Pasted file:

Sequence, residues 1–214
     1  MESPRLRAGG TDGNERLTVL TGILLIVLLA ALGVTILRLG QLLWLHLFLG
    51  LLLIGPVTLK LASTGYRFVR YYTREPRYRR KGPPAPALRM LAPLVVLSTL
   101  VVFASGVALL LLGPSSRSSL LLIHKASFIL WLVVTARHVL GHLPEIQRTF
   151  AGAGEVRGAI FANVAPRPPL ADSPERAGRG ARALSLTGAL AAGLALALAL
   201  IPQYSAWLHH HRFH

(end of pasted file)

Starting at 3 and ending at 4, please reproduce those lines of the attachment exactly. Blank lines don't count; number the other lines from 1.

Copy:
    51  LLLIGPVTLK LASTGYRFVR YYTREPRYRR KGPPAPALRM LAPLVVLSTL
   101  VVFASGVALL LLGPSSRSSL LLIHKASFIL WLVVTARHVL GHLPEIQRTF